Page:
CHICAGO — Before the pandemic, Americans were dining out more than ever. The coronavirus has caused unprecedented restaurant industry job losses and closings that have displaced chefs in record numbers. Those remaining have begun to innovate new models under “essential business” restrictions.
Beyond the business classification, the pivot underscores the understanding that food is essential and chefs are uniquely qualified to help consumers navigate the new normal. Chefs increasingly are donating time and resources to feeding communities and creating new products to serve customers at home. The scope of the changes suggests the new business models are here to stay — and that chefs will play a bigger role in bridging the gap between the in-person dining experience and consumer packaged goods (CPG).
From celebrity chefs to neighborhood eateries, America’s food experts are finding ways to deliver culinary experiences to restaurant-deprived consumers. Flexible ghost kitchens — also called dark or cloud kitchens — are growing and allowing independent chefs to cook food for delivery and rapidly prototype products. Meanwhile, as some chefs redesign their restaurants into micro-markets to sell curated ingredients and grab-and-go items, others are launching meal kits to deliver their restaurants’ flavors straight to customers’ kitchens.
Top Chef and James Beard Award winner Stephanie Izard, best known for her Girl and the Goat family of restaurants established in Chicago, recently introduced her Girl & the Goat-ceries meal kits to bring restaurant-quality food to her home-bound customers. The kits integrate her existing line of sauces and seasonings, which also are sold at grocery stores nationwide.
The growing demand for gourmet to go signals an opportunity for more chef-crafted CPGs. And despite their seeming novelty, they have a proven track record. Restaurateur Marie Callender’s frozen meals and Chef Hector Boiardi’s Chef Boyardee-brand pastas are established household names. Conagra Brands, Inc. manufactures the brands as well as Frontera, a gourmet Mexican line using Chef Rick Bayless’s recipes and name on the label.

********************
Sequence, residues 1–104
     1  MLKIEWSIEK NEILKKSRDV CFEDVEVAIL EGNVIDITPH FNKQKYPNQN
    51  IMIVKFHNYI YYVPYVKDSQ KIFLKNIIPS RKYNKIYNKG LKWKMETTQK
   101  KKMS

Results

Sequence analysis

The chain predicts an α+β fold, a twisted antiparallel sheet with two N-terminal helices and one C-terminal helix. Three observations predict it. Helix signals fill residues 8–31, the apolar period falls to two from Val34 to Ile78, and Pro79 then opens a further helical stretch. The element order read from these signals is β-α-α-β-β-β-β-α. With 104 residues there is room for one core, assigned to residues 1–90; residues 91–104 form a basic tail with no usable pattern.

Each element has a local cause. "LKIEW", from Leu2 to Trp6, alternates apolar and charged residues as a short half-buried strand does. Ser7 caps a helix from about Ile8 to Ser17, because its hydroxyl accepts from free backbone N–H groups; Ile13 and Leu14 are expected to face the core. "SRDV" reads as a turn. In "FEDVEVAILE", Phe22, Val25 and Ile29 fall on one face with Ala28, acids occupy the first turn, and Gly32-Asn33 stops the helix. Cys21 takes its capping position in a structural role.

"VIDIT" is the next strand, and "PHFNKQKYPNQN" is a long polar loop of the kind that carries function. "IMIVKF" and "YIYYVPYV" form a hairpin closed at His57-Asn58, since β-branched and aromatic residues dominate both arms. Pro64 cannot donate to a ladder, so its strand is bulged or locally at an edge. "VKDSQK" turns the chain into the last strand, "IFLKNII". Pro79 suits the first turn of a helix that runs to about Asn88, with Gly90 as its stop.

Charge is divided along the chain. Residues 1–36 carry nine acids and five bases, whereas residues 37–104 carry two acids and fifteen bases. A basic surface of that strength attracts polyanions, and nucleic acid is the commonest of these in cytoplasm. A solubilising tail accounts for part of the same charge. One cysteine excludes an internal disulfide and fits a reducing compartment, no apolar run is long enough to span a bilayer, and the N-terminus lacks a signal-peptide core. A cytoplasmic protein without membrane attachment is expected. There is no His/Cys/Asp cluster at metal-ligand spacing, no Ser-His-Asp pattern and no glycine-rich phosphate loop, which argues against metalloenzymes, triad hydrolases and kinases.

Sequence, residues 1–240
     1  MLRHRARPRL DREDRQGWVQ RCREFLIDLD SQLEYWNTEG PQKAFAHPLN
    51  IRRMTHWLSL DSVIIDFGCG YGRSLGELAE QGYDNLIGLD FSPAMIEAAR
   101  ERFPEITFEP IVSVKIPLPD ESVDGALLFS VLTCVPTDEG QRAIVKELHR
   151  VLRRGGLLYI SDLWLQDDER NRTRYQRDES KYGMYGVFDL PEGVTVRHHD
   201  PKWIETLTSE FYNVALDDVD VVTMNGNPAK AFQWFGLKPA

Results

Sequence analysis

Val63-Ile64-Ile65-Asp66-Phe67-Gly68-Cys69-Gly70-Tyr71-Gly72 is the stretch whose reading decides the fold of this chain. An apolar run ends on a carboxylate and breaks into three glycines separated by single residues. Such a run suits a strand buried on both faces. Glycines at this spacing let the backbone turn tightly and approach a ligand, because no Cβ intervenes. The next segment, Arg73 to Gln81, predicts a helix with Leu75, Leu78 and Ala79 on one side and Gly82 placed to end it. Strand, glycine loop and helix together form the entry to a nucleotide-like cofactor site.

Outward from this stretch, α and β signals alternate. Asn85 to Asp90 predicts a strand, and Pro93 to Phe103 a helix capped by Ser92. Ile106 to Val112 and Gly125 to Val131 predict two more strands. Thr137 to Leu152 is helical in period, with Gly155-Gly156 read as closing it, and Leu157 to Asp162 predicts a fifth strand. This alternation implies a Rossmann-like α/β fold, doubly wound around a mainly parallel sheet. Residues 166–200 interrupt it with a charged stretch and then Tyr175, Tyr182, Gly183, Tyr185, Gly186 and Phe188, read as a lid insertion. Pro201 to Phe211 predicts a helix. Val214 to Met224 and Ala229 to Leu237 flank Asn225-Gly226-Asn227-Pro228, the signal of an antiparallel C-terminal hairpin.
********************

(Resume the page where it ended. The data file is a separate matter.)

Bob Nolan, senior vice president of demand sciences at Chicag0-based Conagra, sees value in partnering with chefs, who bring a “tremendous passion for attacking problems and delivering a better experience to the consumer.”
While manufacturers can harness chefs’ ingenuity to create exciting new products, they also benefit from chefs’ reputations. Cresco, a major name in the cannabis industry, set itself apart from competitors by partnering with award-winning chef Mindy Segal to launch a line of artisanal cannabis edibles. Her creative process is essential to designing authentic, quality products.
“We do a lot of ideation in my kitchen, tasting flavors and desserts,” she said, and the “product lines tell the story of my passion and craft.”
With consumer trust at an all-time low, manufacturers can tap into chefs’ genuine connection with the public to build trust, brand appreciation and loyalty.
However, a balanced partnership between chef and manufacturer is key for chef-crafted CPGs to succeed. Simply putting a chef’s name on a product is not enough. Conagra’s leadership team explains that the same individuality that makes chefs successful can make their products too niche.
“The products still have to perform,” Mr. Nolan said.
This is an opportunity to empower consumers with chef-crafted products in their own kitchens. Since dining out is unlikely to “return to normal,” the potential lies in harnessing chefs’ creative energy to redefine how Americans dine in.Natalie Shmulik is the chief executive officer of The Hatchery Chicago, a food and beverage incubator.